PUSH-BACK ON PATERSON BOOZE PLAN

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Gov. David Paterson is leaving no stone unturned—or wine bottle uncorked—in his search for money to plug the state’s budget gap. As part of his budget proposal, he announced a plan to allow grocery stores to sell wine.

The plan would generate an estimated $100 million a year through licensing fees from establishments such as grocery stores, which already have a liquor license to sell beer, that are interested in peddling wine alongside cheese, for example.

Currently, food establishments can only sell beer alongside food and cigarettes, while liquor and wine stores are prohibited from selling the soft drinks and mixers often used with hard alcohol.

George Bosler of Candlelight Wines. Photo By Andrew Schwartz

George Bosler of Candlelight Wines. Photo By Andrew Schwartz

Opponents of the plan predict that wine and liquor businesses will close and jobs will be lost. Even the state’s Professional Fire Fighters Association have come out against the idea, arguing that teen drinking and driving will skyrocket due to wine being sold in grocery stores.

Nancy Maniscalco, owner of Nancy’s Wines at 313 Columbus Ave. and West 75th Street, is one wine retailer who opposes Paterson’s plan. She is worried the new competition will harm liquor stores and wine shops, even specialty wine stores such as hers.

“If you’re running a bunch of errands and fine wines is on your list, you may grab one instead of going to the wine shop that may be 25 feet away,” Maniscalco said.
For liquor and wine stores whose draw is a quick and cheap bottle of booze, grocery stores would likely knock off a portion of the customer base. Henry Kim, the owner of Roma Wine and Spirits on 737 Amsterdam Ave. and West 96th Street, fears grocery stores will sell the same wine that people buy at his shop.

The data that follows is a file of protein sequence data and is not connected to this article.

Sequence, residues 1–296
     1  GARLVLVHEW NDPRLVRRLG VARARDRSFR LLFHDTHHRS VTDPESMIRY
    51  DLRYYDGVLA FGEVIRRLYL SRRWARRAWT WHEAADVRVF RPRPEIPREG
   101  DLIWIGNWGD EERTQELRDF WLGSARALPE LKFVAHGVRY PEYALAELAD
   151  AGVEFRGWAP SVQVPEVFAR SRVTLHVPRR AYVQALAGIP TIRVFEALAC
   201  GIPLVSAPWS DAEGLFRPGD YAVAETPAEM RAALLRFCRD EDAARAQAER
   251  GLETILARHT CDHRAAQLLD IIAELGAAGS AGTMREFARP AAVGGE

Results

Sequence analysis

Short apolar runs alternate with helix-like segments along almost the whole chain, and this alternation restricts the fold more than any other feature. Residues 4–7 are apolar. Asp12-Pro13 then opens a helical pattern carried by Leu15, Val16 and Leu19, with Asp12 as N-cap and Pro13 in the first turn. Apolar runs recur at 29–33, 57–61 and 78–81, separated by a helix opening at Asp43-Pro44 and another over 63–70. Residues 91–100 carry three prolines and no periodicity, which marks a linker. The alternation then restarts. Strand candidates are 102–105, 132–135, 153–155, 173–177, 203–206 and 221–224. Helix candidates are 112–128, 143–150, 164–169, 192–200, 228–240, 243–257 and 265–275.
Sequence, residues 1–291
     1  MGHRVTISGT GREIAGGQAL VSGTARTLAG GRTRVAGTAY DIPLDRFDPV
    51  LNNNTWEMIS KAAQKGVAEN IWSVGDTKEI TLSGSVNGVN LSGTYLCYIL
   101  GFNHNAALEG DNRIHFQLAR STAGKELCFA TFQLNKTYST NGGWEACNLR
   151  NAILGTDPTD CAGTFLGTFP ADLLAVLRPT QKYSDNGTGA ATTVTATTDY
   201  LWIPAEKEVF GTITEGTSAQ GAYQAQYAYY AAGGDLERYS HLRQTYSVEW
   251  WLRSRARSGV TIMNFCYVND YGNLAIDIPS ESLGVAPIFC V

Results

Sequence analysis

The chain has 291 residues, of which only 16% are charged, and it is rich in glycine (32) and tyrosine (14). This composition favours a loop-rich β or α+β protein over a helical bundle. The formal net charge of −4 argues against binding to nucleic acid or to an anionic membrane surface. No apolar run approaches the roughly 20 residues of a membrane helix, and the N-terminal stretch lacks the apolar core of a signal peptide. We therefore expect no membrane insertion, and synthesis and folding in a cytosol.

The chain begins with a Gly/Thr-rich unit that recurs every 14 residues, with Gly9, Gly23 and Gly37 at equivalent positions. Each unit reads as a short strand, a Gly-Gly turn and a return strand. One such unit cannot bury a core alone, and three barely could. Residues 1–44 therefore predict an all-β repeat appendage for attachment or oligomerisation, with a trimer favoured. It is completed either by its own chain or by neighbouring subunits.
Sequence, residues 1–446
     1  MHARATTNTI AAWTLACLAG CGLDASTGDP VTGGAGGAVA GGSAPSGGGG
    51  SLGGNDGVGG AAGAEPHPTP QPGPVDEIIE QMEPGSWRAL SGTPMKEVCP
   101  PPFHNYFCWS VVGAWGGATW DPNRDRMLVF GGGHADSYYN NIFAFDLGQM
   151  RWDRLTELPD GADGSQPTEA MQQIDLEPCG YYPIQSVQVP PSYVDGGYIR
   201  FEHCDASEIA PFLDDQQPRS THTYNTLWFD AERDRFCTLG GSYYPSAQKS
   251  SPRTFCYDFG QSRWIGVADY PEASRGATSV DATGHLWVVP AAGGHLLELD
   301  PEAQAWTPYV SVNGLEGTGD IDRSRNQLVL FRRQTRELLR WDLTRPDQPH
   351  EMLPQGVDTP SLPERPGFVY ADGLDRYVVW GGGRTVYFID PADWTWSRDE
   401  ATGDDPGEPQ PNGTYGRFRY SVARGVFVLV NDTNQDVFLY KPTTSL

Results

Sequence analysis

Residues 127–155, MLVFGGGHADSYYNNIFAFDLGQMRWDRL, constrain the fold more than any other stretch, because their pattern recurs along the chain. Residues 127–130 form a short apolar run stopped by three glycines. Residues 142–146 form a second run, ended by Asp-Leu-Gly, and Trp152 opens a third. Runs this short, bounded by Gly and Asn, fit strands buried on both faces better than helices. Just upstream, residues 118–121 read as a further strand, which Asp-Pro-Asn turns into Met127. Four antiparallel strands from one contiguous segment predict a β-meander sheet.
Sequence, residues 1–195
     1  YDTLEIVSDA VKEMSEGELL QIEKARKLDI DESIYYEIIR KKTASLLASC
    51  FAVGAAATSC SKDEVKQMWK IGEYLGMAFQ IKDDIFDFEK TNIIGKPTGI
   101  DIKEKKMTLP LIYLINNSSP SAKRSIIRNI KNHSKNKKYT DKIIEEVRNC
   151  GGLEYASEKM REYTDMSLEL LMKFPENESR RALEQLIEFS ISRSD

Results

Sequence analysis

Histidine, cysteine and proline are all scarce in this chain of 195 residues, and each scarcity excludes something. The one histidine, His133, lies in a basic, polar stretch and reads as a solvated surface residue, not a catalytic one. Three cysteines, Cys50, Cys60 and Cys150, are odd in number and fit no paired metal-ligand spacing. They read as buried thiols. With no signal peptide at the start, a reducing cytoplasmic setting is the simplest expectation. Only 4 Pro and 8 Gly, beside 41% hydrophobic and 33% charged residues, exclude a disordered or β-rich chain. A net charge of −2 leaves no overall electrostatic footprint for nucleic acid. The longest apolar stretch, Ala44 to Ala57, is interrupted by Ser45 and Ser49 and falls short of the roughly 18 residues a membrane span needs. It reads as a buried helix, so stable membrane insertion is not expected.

“With grocery stores carrying all the general popular wine, we’ll lose business on those items,” Kim said. “They’re taking wine away from existing wine stores.”

Even with compromise legislation that would allow liquor stores to sell cigarettes and beer, or allow storeowners to carry more than one liquor license (and therefore operate more than one store in the city), Kim said such concessions are unrealistic in the city.

“I don’t have enough room for the beer,” Kim said. “That’s going to be a big problem.”

Though proprietors of West Side wine purveyors aren’t exactly celebrating the proposal, some don’t feel grocery stores pose a huge threat. Supermarkets stocking mass-produced wine will not offer the selection or personal service valued by true oenophiles, said George Bosler, owner of Candlelight Wines at 2315 Broadway and West 84th Street.

“You’re not going to get someone buying a $200 bottle of wine that you would at my store,” said Bosler, who has been in the wine industry since 1974. “One-stop shopping is long overdue.”

John Catsimatidis, president of Red Apple Group, which owns Gristedes supermarket, lauded the proposal as a win for wine growers, wine consumers and, of course, grocery stores. Wine shops, he predicted, will remain unscathed by the additional competition.

“The supermarkets are not going to be able to carry all the specialty wines anyway,” Catsimatidis said. “The only thing it’s a negative for is liquor stores.”

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